Amazon Tightens Rules for Reviews
In past entries, I’ve mentioned about writing customer reviews for books on Amazon and other places. It’s a practice that I’ve encouraged you to do for books that you love and for your writer friends. Over the last few days, Amazon has changed the procedure for these reviews and greatly limited the opportunity for these reviews. I’ve emailed Amazon a note of protest but I doubt it will change anything.
I’ve blogged about Joel C. Rosenberg and his new book, The Copper Scroll. My review of the book appears on Faithful Reader.com. I read this book before it’s release and before Amazon allowed customer reviews of the book. Typically the customer review feature isn’t turned on until the publication date for the book. Last night, I went to the Amazon page and was going to post a few words about the book with a five star review. I couldn’t add my review. Why? I did not purchase my book through Amazon and they’ve restricted these customer reviews. The only way you can write a review is to purchase the book through Amazon.
I checked their guidelines and found:
Amazon.com wants your comments to be heard! The recommended review length is 75 to 300 words.
Authors, publishers, and readers have separate review mechanisms. Please use the appropriate page.
Who can write customer reviews? Customers! Anyone who has purchased items from Amazon.com and is in good standing in the Amazon.com community can write reviews.”
If you look at my Amazon reviews, you will see that I’ve written over 100 customer reviews—yet I purchased very few of these books directly from Amazon. This wide open door of opportunity for authors and publicists has slammed shut. For example, Faithful Reader and Book Reporter.com and other sites associated with this group, go to the particular page on Amazon and paste in the review. It’s been part of their efforts to promote good books yet with this new policy, these reviews will not be appearing on Amazon since the books come directly from the publisher—and are not purchased through Amazon.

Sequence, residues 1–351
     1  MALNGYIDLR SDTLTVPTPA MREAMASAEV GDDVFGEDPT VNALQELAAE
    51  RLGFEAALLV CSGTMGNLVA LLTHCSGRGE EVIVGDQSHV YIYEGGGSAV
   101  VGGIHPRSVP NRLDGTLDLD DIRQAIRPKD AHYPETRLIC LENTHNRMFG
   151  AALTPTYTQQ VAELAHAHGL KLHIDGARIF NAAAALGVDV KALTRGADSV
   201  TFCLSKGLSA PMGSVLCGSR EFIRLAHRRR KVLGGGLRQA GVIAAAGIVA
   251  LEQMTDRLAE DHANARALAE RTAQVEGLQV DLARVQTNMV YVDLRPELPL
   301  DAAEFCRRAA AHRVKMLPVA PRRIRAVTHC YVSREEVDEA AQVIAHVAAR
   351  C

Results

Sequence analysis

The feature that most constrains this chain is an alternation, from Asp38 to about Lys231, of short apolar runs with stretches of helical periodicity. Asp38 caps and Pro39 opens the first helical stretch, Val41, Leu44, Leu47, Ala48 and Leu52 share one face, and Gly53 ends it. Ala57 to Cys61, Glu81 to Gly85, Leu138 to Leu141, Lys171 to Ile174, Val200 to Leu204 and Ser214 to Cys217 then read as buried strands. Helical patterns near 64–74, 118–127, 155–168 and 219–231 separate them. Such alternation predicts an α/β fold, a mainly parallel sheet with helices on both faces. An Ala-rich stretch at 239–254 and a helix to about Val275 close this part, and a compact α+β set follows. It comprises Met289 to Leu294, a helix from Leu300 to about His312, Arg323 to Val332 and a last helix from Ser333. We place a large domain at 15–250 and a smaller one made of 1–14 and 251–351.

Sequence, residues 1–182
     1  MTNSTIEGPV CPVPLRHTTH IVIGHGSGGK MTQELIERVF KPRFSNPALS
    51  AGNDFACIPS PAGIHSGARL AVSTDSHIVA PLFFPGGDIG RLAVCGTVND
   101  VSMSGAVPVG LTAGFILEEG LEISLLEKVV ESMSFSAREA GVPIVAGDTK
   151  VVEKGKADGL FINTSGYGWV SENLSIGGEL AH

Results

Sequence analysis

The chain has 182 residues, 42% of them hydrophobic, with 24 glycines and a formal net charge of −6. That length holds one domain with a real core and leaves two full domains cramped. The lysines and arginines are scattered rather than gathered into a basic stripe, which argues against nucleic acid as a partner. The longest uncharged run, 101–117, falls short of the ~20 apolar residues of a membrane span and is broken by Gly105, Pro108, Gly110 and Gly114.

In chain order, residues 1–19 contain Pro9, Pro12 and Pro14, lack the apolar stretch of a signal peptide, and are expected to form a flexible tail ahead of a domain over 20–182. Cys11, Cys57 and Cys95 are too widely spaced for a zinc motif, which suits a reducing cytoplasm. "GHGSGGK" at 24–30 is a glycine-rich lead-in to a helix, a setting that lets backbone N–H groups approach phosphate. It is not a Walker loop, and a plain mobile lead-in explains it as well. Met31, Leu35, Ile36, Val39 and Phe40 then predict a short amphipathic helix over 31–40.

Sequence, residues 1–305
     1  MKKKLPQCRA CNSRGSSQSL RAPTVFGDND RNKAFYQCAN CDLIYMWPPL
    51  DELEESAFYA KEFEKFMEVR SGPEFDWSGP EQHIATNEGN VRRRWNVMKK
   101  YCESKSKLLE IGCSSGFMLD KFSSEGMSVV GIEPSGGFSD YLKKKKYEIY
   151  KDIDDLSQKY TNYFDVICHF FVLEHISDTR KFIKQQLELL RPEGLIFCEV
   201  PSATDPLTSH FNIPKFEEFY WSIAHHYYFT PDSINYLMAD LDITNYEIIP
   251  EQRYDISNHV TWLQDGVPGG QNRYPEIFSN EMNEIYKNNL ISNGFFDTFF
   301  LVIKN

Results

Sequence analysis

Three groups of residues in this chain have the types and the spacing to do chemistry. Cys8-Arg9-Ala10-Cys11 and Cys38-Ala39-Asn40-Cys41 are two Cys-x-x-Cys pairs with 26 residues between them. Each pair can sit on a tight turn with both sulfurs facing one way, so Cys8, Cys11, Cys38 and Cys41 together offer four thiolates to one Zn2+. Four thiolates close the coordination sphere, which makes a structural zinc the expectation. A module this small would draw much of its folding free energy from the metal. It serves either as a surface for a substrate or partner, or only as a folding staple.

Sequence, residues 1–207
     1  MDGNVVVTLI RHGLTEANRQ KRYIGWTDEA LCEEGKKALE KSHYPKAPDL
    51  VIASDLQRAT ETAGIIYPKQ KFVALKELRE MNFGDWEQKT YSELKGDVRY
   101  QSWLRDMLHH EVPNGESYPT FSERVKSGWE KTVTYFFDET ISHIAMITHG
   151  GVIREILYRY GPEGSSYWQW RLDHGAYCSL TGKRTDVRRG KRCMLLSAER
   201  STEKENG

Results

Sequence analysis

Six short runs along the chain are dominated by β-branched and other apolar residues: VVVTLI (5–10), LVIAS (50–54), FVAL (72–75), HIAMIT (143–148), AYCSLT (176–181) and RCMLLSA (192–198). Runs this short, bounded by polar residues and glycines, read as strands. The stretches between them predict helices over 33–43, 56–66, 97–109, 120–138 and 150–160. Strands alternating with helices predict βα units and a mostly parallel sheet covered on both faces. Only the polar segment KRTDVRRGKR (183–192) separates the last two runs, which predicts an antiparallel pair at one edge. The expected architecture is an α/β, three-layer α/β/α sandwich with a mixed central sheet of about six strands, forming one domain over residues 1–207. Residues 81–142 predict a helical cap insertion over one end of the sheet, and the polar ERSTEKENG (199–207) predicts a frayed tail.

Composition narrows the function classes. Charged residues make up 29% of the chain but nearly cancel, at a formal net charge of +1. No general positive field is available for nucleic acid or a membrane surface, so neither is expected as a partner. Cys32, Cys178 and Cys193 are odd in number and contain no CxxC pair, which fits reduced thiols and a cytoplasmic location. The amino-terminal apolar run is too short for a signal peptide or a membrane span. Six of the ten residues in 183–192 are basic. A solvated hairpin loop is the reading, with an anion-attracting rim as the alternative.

Many books have no customer reviews. My Running On Ice by Vonetta Flowers with Whalin has one customer review—from my friend, Crystal Miller—and I suspect it will remain this way. Recently I wrote about Childproofing Your Marriage by Dr. Debbie Cherry. At the time, my review of Debbie’s book was the single customer review on the Amazon page (now there are two customer reviews).
From a policy viewpoint, I understand why Amazon has initiated this change. Over a year ago, a group who disagreed with the viewpoint in a book attacked one of my author friend’s book page on Amazon. This group posted all sorts of derogatory things in their customer reviews and the author worked with Amazon to remove these reviews. The new policy will greatly reduce these problems for Amazon customer service personnel.
While I understand the reasons for this change, it’s bad news for authors. They will not be able to encourage honest feedback about their book on the largest online bookstore on the planet. It’s bad news for publicists and publishers since they will not be able to use this avenue to promote a good book. It’s bad news for customers who read these reviews and make decisions every day about which books to purchase. It’s bad news for the book. I was sorry to see this policy change. I do purchase some books from Amazon but I receive books from many different places—including other authors and publishers. With this change, I will not be able to write a few sentences of review for Amazon.
OK, I stand corrected--things are not as bad as I proclaimed in these previous paragraphs. I had not purchased any books with the email address I was using with my Amazon profile. Thanks to Robin Lee Hatcher’s note to me. I went over to my Amazon account and purchased a book--then my ability to write reviews on any book have been restored. The entries on this blog are a work in progress—and this incident just proves my point.